2. Make sure your pile is damp but not wet (it should feel like a wrung out sponge)
  3. Turn your pile regularly
  4. Within 24-48 hours, the pile should begin to heat up. You can measure this with a compost thermometer. The ideal temperature is 160 degrees Fahrenheit. Temperatures above 180 degrees will kill the beneficial microorganism as well and slow down or stop the composting process
  5. Keeping your pile covered will help keep the heat in
  6. As the composting material begins to breakdown, you will see your pile shrink
  7. The process should be complete within 2-3 weeks 

When Should I Sterilize My Soil?

Now that you know all the ways you can sterilize your soil, let’s talk about when you want to do this. Because let’s be clear- when you are sterilizing your soil, you are killing off all life in your soil, both beneficial and harmful microorganisms.

In general, you don’t want to be growing plants in dead, lifeless soil. However, if you are starting seeds or bringing potted plants into your home, you want to make sure isn’t anything in your soil that could negatively impact your plants. 

In the case of starting seeds, sterile soil can help give them a better chance not only of germination but also in those early days of life. Seedlings are particularly vulnerable to pests and disease.

In the case of indoor potted plants, you want to make sure you aren’t bringing fungus or insects inside your home. There is nothing worse than introducing a pest accidentally and then trying to get rid of it. By sterilizing your soil you can guarantee nothing will be coming inside uninvited.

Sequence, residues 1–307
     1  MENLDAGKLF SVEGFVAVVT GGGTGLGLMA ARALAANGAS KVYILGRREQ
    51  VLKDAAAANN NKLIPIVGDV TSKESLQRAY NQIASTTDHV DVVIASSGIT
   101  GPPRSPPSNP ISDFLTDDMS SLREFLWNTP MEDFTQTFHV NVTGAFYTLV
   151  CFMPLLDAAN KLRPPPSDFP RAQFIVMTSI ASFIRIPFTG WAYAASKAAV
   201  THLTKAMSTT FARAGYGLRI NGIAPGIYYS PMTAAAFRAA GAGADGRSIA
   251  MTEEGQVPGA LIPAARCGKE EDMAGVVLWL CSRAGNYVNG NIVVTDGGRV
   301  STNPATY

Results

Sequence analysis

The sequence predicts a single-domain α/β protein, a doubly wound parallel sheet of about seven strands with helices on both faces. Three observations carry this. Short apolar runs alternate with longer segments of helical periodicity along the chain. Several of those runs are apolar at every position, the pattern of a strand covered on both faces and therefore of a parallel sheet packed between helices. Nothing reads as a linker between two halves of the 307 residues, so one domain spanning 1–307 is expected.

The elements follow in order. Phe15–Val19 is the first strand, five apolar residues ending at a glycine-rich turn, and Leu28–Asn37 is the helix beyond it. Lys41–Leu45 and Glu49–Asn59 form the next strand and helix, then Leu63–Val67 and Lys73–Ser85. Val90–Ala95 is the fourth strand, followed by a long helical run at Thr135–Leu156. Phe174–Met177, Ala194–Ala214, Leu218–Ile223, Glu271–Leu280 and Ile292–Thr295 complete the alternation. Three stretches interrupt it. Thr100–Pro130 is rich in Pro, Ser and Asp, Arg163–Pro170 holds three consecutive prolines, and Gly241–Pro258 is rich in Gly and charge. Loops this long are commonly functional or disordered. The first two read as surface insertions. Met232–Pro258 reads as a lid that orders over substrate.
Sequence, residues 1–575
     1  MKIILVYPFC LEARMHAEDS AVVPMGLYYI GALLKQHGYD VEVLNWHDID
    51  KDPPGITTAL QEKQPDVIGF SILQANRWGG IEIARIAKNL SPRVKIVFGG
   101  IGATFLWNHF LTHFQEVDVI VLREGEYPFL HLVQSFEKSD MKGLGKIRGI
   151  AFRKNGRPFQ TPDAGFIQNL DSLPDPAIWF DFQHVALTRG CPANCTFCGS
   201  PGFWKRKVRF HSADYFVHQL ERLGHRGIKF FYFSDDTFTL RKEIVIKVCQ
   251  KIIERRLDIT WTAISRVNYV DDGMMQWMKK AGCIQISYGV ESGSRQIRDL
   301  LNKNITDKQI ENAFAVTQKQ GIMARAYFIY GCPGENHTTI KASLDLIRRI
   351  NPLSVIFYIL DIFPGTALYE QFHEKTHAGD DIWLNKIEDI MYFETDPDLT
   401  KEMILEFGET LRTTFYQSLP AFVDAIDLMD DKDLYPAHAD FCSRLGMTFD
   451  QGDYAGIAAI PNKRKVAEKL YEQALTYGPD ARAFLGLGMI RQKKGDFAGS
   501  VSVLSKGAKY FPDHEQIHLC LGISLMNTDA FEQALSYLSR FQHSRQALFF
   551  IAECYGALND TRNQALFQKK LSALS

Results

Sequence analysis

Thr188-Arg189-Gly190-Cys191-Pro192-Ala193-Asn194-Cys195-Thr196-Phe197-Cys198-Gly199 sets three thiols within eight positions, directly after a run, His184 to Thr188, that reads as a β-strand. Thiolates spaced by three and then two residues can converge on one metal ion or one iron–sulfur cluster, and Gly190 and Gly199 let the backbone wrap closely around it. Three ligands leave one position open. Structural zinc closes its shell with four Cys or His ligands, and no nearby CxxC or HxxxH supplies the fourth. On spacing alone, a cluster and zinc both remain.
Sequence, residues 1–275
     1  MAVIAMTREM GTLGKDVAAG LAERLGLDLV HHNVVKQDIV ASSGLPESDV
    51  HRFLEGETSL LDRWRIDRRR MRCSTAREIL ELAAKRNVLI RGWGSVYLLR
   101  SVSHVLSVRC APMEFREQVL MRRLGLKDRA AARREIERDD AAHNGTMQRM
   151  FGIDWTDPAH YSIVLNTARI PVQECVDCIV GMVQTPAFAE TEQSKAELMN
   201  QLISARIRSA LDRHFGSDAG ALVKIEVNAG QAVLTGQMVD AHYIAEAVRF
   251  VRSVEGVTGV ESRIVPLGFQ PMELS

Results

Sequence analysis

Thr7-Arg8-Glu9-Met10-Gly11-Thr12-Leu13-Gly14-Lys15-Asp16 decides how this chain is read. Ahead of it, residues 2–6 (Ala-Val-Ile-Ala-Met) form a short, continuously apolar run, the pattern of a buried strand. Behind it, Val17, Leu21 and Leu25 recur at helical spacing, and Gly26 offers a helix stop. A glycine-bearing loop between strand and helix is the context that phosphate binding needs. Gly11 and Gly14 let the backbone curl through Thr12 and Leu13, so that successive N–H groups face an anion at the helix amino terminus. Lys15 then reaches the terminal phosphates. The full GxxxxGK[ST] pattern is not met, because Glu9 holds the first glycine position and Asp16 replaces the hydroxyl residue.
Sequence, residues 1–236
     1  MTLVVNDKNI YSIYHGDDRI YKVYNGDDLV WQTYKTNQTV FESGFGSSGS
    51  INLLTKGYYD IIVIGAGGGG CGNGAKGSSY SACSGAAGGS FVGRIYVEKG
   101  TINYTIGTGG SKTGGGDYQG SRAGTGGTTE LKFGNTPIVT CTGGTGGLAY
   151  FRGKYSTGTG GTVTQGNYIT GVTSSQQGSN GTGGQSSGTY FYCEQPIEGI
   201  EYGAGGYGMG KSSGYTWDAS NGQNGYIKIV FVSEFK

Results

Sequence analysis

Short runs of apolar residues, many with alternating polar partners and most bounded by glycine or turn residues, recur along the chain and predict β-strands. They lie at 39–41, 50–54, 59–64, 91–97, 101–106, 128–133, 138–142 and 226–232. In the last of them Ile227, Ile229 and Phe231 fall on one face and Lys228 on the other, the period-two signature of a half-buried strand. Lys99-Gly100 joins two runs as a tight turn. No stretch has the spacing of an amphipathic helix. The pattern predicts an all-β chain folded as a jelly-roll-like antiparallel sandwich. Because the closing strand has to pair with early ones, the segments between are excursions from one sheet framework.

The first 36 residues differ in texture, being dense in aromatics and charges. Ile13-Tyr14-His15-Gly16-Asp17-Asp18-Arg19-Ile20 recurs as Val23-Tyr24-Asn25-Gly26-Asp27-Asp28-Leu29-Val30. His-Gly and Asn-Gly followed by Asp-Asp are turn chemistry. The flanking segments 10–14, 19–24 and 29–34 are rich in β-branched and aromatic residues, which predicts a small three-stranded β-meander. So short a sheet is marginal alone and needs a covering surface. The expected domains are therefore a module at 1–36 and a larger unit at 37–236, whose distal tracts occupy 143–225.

Seedlings grow better in sterile soil, but overall, plants grow more slowly. Seedlings grow better as there are fewer pathogens for them to fight off while they are vulnerable. However, once they are no longer at risk, the lack of beneficial microorganisms in the soil can slow their growth.

You can sterilize soil in as little as 90 seconds in the microwave. Other methods will take longer. And the more soil you wish to sterilize, the longer it can take. For example, if you are sterilizing a large garden area, we recommend using solarization, which can take up to four weeks.

Sterilized soil is not organic if you use chemical pesticides and herbicides to sterilize it. However, other methods of sterilization that do not use chemicals can be considered organic, particularly methods that simply use heat for the sterilization process.

  1. Monocultures in America: A System That Needs More Diversity. Retrieved from:
  2. Researchers: Microwave oven can sterilize sponges, scrub pads. Retrieved from:
  3. Soil Solarization. Retrieved from:,and%20weeds%20in%20the%20soil.&text=The%20sun%20heats%20the%20soil,%2C%20weeds%2C%20and%20weed%20seeds.
  4. The Rapid Composting Method, Retrieved from: